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California Mechanics Liens – The Preliminary Notice

California Mechanics Liens – The Preliminary Notice

Photo: The photo above is the Stanislaus County Recorder’s Office at 1021 I Street, Modesto, CA 95354.

This post is the first in a series that I’ll be writing on California Mechanics Liens. I’ve dealt with mechanics liens quite a bit in the course of the last year or so in dealing with my regular cases and figured it would be good for at least a few posts. If you like this topic, please do leave me a comment below.

Instead of addressing mechanics liens based on complexity (e.g. start with simple stuff then build in to more complex questions), I’m going to start this series by addressing the situations that I personally encounter the most often — if you’re someone employed in the construction trades (e.g. carpenter, roofer, etc) and you’ve worked on a project and are now having trouble getting paid, what do you do?

When faced with a situation like that, the big thing I want to find out about is the Preliminary Notice and that’s the topic of this post. To keep things simple, I’ll describe briefly what a Preliminary Notice is, but I’ll focus mainly on what a Preliminary Notice in California is required to contain from the perspective of someone employed in the construction trades who should have been paid, but has not been. In future posts, I’ll also go over the intricacies of who has to provide a Preliminary Notice, who has to receive one, how it has to served, etc.

What is a Preliminary Notice?
A bit of background first: The good news is that California law is very friendly towards those in the construction trades in terms of making sure they get paid for the work they’ve performed. California law is so friendly in this regard that this is explicitly in the California Constitution. Article 14, section 3 of the California Constitution says:

“Mechanics, persons furnishing materials, artisans, and laborers of every class, shall have a lien upon the property upon which they have bestowed labor or furnished material for the value of such labor done and material furnished; and the Legislature shall provide, by law, for the speedy and efficient enforcement of such liens.”

The bad news, however, is that the law the California Legislature has provided to help those in the construction trades get paid can be extremely confusing. You need to follow the rules and do all the steps when you’re supposed to. Otherwise, you’re likely out of luck, regardless of what the California Constitution says.

That brings us to the Preliminary Notice. A Preliminary Notice — sometimes also called a “20-Day Notice” — is a document that you (i.e. the construction tradesperson who hasn’t been paid) have to fill out and serve in order to establish the mechanics lien mentioned in the California Constitution quote I wrote above. The purpose of a Preliminary Notice is “to notify the owner, original contractor and lender of potential mechanic’s lien claims.”  Brown Co. v. Appellate Department, (1983) 148 Cal. App. 3d 891, 898. (Google Scholar link: here)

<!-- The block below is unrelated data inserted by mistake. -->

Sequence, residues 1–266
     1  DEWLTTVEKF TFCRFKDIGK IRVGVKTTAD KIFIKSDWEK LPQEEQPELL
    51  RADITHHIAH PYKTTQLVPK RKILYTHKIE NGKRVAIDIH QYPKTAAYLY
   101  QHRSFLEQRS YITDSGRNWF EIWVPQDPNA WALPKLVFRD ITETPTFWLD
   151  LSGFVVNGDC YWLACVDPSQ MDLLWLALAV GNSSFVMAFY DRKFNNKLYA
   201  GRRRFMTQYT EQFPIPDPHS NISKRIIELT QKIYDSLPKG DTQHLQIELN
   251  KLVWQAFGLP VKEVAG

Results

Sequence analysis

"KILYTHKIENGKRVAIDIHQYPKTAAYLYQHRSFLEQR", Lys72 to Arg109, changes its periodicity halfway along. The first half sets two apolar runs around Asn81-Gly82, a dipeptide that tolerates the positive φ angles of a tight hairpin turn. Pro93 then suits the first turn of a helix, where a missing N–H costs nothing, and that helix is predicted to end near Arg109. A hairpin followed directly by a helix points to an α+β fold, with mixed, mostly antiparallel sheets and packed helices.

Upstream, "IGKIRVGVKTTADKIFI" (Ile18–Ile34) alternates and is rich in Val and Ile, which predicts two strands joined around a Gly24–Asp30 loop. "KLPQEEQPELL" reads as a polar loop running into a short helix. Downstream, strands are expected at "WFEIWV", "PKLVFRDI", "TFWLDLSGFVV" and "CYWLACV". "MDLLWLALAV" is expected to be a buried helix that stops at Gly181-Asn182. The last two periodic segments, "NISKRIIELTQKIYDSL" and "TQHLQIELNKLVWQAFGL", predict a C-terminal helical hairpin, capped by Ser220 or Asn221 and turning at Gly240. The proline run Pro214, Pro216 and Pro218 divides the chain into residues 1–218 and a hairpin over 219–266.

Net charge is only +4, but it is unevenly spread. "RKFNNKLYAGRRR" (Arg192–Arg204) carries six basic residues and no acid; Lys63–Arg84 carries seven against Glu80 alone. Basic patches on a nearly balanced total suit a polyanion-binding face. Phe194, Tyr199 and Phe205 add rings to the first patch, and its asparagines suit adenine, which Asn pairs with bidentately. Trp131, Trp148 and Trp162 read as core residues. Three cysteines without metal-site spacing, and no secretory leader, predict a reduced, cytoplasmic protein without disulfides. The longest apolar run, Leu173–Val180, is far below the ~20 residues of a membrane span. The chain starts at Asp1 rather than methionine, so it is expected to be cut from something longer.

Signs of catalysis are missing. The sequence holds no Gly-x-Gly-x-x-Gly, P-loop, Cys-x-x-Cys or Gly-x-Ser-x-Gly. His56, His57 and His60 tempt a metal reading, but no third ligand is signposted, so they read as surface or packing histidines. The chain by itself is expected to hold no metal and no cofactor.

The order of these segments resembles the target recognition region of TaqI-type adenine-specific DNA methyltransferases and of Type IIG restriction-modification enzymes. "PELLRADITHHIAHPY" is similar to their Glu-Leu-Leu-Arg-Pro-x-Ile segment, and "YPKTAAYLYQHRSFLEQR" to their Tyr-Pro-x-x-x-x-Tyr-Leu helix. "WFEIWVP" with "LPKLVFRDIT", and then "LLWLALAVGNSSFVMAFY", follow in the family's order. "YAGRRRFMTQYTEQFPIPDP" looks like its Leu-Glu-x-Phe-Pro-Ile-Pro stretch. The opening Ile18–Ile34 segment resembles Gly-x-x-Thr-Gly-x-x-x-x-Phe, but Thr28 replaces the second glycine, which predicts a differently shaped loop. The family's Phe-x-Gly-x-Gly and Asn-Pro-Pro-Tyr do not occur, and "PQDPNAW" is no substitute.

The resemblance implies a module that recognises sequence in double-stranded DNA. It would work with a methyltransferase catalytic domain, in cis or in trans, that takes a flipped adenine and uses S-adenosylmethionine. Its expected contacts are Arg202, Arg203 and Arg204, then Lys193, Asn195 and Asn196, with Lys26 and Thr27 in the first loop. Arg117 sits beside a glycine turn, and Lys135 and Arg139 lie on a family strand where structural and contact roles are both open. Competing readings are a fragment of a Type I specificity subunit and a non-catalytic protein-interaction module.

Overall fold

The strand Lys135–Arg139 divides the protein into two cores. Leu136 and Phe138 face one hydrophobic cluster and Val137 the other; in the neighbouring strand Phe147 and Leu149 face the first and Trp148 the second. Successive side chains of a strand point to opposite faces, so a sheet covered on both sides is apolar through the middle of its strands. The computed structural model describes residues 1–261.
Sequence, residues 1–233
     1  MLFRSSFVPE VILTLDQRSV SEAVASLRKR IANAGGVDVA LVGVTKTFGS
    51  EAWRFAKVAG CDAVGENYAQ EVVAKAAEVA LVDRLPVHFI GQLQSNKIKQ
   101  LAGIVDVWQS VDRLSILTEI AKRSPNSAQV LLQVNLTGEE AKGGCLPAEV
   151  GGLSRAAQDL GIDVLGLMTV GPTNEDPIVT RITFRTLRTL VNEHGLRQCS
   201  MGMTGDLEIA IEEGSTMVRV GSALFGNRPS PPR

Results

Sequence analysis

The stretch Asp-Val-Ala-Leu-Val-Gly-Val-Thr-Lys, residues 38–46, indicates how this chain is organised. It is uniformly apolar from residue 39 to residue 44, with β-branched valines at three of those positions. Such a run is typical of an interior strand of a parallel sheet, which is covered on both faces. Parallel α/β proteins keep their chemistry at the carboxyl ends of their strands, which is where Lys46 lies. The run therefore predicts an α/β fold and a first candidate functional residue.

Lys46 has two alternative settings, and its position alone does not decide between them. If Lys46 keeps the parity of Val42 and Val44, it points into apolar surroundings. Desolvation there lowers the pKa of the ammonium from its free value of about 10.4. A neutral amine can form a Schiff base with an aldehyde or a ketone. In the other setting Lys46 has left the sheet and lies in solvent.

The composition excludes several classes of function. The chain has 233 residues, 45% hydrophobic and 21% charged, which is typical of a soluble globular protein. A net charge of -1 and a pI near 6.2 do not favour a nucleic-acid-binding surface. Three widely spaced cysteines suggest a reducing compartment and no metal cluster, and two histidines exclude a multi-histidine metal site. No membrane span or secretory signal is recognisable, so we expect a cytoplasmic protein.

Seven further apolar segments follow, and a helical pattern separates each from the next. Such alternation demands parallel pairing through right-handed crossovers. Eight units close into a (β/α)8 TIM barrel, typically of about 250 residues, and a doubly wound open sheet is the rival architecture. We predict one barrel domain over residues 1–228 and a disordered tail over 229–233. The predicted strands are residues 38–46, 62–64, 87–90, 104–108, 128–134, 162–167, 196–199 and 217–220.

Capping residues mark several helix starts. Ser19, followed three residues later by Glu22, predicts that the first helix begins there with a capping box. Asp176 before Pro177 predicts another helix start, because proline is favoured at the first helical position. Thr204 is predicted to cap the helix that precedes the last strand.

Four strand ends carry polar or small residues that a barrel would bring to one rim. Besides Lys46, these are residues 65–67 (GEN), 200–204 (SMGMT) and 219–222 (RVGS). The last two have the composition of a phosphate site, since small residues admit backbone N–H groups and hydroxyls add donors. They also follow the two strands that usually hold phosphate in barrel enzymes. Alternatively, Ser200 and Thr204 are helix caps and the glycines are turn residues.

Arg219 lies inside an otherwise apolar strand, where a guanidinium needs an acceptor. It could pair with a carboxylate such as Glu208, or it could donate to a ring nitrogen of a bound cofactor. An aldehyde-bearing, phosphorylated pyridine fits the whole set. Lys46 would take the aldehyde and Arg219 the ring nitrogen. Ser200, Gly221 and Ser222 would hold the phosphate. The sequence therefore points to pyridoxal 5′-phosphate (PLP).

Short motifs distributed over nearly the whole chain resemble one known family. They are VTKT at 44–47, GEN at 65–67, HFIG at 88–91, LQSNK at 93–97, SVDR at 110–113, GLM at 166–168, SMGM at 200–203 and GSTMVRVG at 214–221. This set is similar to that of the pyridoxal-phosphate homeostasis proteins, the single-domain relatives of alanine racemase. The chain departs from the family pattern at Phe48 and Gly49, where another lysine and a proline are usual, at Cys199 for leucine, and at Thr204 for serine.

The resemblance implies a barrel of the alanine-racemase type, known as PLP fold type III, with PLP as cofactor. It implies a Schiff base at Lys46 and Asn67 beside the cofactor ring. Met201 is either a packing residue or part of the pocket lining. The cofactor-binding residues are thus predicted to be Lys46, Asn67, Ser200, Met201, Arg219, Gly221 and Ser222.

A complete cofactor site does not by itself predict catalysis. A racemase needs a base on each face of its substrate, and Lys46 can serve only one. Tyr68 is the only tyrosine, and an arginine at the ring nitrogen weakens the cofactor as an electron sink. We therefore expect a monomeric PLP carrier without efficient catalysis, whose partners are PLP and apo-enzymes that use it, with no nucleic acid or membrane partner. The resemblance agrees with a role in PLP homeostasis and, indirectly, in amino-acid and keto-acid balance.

In other words, the Preliminary Notice is required in order to create a Mechanics Lien. If you don’t fill out the Preliminary Notice, you can’t establish a Mechanics Lien later. In my experience, it’s a good habit to get in to to simply fill out and serve the Preliminary Notice as a matter of routine. In other words, do it for every job.

Is a Preliminary Notice the same thing as a 20-Day Notice?
Yes. The terms are used interchangeably.

Andy, why is it called a 20-Day Notice?
It comes from the way the statute is written. Section 8204(a) of the California Civil Code says: (emphasis added)

A preliminary notice shall be given not later than 20 days after the claimant has first furnished work on the work of improvement. If work has been provided by a claimant who did not give a preliminary notice, that claimant shall not be precluded from giving a preliminary notice at any time thereafter. The claimant shall, however, be entitled to record a lien, give a stop payment notice, and assert a claim against a payment bond only for work performed within 20 days prior to the service of the preliminary notice, and at any time thereafter.”

That sentence I’ve bolded also is why I say it is a good habit to get in to to simply give a Preliminary Notice (aka “20-Day Notice”) whenever you begin work at a new job site. If you don’t give a Preliminary Notice within the first 20 days of working at a new job site, you can still give a Preliminary Notice, but the Notice only covers the work performed in the immediately preceding 20 days.

What has to be in a Preliminary Notice?